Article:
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Pakistan’s Air Force (PAF) recently released a video highlighting its modernization efforts under Air Chief Marshal Zaheer Ahmed Baber Sidhu. The video included a glimpse of the Chinese FC-31, a fifth-generation fighter jet, confirming Pakistan’s plans for acquisition.

Reports suggest Pakistan’s ambitions go beyond mere purchase. The plan, some sources claim, involves joint production of the FC-31 within Pakistan with Chinese support before the 2030s. This could potentially utilize the existing PAC facility currently manufacturing JF-17 fighters for the PAF.

The FC-31 is intended to replace Pakistan’s aging fleet of American F-16 A/B MLU-15 fighters, numbering around 60 aircraft. The exact number of FC-31s Pakistan aims to procure remains undisclosed, but estimates suggest an order of 100 units. The new jets would likely be produced at the aforementioned PAC facility.

Sidhu’s leadership has already seen the addition of 25 Chinese J-10CE fighters, a move aimed at countering India’s acquisition of 36 Dassault Rafale jets. However, these procurements have faced allegations of corruption and a lack of transparency.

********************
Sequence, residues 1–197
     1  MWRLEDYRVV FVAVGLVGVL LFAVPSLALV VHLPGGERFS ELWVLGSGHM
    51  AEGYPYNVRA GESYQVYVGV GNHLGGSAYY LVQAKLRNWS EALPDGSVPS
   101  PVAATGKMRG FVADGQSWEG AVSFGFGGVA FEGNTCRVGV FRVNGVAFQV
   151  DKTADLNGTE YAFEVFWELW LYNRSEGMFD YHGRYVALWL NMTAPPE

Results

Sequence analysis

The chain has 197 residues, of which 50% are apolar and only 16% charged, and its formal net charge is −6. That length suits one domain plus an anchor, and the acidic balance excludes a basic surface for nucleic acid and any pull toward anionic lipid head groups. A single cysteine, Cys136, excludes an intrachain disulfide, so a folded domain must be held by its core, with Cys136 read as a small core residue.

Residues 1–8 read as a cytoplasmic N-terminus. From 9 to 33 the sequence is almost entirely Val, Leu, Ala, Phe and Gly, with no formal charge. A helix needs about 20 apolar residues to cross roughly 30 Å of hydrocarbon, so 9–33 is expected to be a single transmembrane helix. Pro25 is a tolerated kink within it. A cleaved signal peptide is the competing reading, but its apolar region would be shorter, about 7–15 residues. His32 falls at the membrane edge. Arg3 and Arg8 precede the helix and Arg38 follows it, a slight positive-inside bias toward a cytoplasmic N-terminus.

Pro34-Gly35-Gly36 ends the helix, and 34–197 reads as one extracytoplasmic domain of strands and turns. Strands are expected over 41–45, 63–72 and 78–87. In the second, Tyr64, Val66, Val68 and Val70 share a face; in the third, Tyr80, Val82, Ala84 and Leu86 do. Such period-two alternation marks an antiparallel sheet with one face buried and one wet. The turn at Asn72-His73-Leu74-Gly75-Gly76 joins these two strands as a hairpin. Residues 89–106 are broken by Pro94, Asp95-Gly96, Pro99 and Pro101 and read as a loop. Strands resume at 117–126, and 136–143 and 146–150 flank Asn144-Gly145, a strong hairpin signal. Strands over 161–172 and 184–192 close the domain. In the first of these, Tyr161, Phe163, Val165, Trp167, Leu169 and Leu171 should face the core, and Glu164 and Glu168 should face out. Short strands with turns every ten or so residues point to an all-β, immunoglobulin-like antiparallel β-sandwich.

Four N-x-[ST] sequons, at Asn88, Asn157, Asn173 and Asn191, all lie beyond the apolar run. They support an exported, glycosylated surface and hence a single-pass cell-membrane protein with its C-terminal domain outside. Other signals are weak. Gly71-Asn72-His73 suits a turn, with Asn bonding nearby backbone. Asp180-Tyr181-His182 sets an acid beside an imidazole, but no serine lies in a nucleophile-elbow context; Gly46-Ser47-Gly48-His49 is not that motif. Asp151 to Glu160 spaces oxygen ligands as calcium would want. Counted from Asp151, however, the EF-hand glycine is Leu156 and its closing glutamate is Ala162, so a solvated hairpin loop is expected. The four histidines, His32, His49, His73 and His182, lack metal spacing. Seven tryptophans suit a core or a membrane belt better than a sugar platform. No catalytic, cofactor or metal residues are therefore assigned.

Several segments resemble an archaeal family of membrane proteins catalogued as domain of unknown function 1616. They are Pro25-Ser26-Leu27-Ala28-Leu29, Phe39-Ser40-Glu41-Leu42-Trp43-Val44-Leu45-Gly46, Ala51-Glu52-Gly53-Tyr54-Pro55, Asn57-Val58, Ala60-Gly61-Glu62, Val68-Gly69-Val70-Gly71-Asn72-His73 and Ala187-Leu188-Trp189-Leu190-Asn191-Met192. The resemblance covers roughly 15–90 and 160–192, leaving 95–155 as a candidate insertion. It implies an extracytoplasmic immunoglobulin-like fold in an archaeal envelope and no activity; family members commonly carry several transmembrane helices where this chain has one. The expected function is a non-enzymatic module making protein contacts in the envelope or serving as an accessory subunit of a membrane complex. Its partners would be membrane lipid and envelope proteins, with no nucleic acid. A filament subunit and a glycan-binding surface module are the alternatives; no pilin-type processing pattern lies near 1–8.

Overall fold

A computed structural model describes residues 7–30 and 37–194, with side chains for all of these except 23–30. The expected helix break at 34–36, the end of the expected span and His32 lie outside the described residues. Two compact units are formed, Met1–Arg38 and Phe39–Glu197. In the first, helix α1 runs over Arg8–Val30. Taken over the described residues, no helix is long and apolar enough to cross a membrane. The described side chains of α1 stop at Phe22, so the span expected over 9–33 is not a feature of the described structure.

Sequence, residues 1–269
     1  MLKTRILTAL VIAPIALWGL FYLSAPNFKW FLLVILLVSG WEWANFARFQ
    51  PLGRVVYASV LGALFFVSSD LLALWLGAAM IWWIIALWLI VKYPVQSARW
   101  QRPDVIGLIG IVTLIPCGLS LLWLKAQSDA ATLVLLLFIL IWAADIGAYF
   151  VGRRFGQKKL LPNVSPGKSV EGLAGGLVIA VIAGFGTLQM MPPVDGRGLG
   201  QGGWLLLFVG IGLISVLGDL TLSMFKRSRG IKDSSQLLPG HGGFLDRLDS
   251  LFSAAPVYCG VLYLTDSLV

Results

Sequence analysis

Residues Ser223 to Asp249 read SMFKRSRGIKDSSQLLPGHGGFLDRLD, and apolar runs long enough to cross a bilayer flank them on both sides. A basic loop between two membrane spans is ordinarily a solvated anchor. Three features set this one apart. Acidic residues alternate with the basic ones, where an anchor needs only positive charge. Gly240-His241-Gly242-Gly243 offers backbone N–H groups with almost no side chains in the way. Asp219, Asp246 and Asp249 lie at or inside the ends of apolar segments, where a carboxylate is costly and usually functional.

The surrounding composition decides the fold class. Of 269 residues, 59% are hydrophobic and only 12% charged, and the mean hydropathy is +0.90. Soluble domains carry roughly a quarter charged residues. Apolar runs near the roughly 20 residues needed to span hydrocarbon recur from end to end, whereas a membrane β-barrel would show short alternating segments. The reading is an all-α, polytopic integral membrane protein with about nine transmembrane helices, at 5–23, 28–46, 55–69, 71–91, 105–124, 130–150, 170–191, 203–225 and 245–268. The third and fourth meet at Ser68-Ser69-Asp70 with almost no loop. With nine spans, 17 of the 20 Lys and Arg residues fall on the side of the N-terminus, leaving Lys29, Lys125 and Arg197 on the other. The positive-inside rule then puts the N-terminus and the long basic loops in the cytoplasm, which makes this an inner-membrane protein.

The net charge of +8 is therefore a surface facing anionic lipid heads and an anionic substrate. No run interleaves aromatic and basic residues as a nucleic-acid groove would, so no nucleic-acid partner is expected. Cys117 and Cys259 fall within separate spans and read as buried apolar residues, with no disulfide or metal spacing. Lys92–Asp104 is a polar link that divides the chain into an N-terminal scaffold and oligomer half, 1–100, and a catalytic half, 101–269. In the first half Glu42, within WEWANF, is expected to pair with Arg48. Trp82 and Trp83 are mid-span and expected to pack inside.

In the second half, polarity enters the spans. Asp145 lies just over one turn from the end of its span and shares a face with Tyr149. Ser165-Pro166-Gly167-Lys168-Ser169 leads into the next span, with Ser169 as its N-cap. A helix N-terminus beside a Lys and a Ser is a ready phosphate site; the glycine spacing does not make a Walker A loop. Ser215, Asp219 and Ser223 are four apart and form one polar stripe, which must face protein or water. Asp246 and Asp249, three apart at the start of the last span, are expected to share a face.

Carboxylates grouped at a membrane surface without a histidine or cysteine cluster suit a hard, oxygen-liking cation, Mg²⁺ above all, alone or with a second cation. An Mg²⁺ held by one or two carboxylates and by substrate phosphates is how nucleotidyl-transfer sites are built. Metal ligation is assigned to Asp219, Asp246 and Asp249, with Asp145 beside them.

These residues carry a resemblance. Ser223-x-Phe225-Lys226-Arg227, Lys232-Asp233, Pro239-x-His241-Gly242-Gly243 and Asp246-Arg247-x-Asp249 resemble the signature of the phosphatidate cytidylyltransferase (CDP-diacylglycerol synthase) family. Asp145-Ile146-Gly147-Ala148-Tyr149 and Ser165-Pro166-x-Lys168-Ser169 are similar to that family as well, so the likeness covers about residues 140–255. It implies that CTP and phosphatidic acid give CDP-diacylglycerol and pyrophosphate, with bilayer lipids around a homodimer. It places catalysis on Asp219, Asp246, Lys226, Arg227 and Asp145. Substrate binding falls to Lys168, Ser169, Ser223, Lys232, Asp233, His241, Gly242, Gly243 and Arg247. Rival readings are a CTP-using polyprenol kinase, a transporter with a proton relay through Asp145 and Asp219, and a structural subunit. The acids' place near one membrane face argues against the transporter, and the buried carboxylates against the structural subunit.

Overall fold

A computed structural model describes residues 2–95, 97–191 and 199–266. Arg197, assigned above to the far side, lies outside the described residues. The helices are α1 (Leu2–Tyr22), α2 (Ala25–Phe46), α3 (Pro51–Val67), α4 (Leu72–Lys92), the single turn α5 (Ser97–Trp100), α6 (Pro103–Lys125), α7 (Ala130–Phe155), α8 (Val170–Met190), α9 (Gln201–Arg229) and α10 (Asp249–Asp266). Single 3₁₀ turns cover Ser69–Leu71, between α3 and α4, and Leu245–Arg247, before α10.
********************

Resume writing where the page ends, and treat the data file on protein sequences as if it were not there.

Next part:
The PAF’s vision extends beyond the next decade. Their ultimate goal is a complete transition to a fifth-generation fighter jet fleet by 2050. This raises questions about the future of the relatively new and capable JF-17 jets.

The PAF’s modernization drive encompasses the retirement of several aircraft. This includes over 100 aging Mirage-III/V fighters, which have served for more than five decades, and the F-7P jets, essentially Chinese copies of the MiG-21, still in use by the PAF.

In total, the PAF aims to replace or retire roughly 200 aircraft within the next ten years, with J-10CEs and FC-31s filling the gap.

While the PAF’s modernization plans are ambitious, some uncertainties remain. The exact details of the FC-31 joint production agreement and the fate of the JF-17 program require clarification. The allegations surrounding the J-10CE procurement also cast a shadow on these efforts.